Unraveling complex genetic interplay for MS risks
A WA-cohort of patients has been used to study the risk modifying role of specific genes suspected to contribute to one's predisposition to multiple sclerosis (MS).
MS is the most common cause of neurological disabilities in young adults with an estimated 25,000 cases nationwide and a higher prevalence among women than men in most Western countries.
The Australian Neuro-muscular Research Institute's Allan Kermode says this candidate gene selection study is validation research based on previously identified gene-disease associations.
"It needs to be interpreted in the context of other studies done," Dr Kermode says.
Genome-wide association studies may have generated unforeseeable genetic associations but, "their weakness is that they use large groups of patients from diverse geographical and ethnic backgrounds—such patients can contaminate the group".
Dr Kermode says the confirmation of individual gene variation effects on MS development in a highly categorised MS cohort of Anglo-Celtic origin—like the WA cohort, is valuable.
The study also provides evidence for interactive influences of gene combinations not studied before, some of which are described as protective.
"It could well be that certain genes are risk factors in some populations but not others," says Dr Kermode.
"Lots of [immune regulatory] genes associated with MS are common and many people have them, but most of us do not get MS.
"The Human Leukocyte Antigen (HLA)-gene association remains the strongest association with MS risk," and relates to the general understanding that autoimmunity underpins disease progression in this disorder.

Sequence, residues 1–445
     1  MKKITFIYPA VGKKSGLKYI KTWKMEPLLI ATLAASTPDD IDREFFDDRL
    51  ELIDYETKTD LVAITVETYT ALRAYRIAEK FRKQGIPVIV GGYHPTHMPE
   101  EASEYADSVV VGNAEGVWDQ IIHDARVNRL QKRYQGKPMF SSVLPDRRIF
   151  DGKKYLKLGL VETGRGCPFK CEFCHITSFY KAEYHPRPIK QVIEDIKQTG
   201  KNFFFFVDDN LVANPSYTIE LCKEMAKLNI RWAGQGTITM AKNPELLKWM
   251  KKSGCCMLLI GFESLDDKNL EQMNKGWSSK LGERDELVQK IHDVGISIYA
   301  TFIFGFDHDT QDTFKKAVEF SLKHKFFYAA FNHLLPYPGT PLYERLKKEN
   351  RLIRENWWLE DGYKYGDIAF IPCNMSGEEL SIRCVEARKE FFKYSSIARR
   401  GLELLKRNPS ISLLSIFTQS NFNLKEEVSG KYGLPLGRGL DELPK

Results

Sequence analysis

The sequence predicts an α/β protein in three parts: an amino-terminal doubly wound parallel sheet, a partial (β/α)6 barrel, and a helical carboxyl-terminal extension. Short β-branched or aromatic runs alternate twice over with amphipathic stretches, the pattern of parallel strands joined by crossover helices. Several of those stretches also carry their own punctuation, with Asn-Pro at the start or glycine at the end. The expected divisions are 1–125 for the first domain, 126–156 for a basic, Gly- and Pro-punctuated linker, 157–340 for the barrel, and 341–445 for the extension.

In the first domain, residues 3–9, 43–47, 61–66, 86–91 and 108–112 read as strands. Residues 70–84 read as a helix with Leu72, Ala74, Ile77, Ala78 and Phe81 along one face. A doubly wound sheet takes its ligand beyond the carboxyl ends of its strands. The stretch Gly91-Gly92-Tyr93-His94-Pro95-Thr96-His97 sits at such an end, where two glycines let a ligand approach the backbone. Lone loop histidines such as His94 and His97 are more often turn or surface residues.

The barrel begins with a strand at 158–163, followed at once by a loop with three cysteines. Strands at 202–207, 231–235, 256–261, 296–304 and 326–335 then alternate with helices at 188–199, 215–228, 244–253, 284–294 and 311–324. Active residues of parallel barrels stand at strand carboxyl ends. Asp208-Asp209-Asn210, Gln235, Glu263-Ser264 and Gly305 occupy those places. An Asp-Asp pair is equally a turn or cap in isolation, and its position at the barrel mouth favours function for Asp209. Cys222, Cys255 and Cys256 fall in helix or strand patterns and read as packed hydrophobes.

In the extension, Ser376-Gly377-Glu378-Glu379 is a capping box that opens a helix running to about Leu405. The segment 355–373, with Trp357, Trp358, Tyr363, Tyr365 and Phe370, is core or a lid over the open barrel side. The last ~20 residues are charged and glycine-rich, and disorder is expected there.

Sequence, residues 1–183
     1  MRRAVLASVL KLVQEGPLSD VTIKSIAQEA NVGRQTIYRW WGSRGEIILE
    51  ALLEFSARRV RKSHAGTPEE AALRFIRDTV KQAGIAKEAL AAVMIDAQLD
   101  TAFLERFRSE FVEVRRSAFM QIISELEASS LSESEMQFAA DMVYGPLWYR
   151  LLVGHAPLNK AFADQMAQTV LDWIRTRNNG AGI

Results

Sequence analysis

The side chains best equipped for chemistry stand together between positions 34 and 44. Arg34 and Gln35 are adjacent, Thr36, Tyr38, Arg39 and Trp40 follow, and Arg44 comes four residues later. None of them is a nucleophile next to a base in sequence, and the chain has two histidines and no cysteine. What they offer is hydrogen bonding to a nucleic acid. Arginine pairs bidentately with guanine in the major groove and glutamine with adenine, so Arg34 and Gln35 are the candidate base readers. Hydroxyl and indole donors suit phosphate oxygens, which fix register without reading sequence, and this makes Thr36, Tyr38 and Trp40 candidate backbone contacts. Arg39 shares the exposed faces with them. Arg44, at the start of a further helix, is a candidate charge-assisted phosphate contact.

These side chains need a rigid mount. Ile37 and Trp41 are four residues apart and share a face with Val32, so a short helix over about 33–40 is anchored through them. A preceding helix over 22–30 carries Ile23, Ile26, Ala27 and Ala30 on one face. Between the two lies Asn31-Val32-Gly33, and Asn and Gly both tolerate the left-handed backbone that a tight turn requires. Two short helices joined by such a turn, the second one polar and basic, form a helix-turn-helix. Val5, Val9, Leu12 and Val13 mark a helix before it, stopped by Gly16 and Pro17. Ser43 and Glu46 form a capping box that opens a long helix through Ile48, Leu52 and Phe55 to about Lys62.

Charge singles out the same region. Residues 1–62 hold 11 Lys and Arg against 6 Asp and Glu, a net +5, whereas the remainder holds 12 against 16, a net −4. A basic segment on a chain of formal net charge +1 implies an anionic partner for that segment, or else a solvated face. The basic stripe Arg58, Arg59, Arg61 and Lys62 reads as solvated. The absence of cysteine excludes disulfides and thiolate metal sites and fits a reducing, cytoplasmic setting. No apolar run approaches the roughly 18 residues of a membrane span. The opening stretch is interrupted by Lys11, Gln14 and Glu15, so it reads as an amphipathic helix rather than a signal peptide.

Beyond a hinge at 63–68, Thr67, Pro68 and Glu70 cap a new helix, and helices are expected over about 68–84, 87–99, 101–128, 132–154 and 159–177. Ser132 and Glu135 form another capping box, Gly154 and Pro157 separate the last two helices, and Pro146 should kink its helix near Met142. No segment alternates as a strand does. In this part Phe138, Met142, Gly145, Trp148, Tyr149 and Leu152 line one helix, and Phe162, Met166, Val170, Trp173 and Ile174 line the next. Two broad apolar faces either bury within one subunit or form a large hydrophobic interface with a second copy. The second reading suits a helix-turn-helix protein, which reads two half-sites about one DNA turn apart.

But the idea that non-HLA genes contribute in parallel is well established now, supporting Dr Kermode's interest in interactive effects of non-HLA with HLA-genes on MS risk.
He took a subset of the WA MS patients, who were selected for being carriers of the best known HLA-DRB1 risk gene in an Anglo-Celtic population, and studied its interaction with 10 non-HLA genes showing 16 sequence variations in MS patients and controls.
Dr Kermode says it also makes sense to consider interactions of environment stimuli and infections with HLA-genes, defining our immunity.
But their contribution to MS risk is dependent on one's genotype, explaining why some do and others don't develop MS.
He has started using the MS database to further investigate whether MS risk may be affected by vitamin D, as an immune modulator, or Epstein-Barr virus infections, which are 100 per cent prevalent in MS patients.
The inclusion of gene-environment interactions is hoped to improve stratification of MS patients and, in turn, the risk assessment of developing MS.